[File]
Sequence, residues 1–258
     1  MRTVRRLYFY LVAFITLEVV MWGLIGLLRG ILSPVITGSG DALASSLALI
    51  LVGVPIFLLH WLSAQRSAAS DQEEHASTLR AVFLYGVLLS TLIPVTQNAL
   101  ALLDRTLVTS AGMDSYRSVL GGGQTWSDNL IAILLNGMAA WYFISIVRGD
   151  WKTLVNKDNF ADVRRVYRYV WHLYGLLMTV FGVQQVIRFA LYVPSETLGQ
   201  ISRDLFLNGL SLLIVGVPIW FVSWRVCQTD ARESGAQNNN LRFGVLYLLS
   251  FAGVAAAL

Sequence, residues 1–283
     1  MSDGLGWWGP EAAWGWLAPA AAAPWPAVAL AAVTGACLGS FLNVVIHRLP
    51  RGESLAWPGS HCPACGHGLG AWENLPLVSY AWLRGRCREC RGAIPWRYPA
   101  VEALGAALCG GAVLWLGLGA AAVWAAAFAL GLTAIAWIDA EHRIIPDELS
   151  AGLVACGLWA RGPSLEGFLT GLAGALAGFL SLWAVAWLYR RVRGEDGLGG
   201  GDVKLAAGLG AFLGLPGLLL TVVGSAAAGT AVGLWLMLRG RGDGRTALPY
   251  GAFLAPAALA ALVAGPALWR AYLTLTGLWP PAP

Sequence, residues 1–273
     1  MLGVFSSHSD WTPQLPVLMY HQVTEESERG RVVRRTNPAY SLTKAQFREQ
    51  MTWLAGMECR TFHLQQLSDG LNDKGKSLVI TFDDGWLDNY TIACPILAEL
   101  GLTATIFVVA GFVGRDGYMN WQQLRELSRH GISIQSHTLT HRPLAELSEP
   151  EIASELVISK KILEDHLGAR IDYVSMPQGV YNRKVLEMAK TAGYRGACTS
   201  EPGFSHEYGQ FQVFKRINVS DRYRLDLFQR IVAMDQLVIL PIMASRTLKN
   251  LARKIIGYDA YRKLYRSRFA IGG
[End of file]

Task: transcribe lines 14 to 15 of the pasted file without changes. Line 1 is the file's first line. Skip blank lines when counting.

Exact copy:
   251  GAFLAPAALA ALVAGPALWR AYLTLTGLWP PAP

Sequence, residues 1–273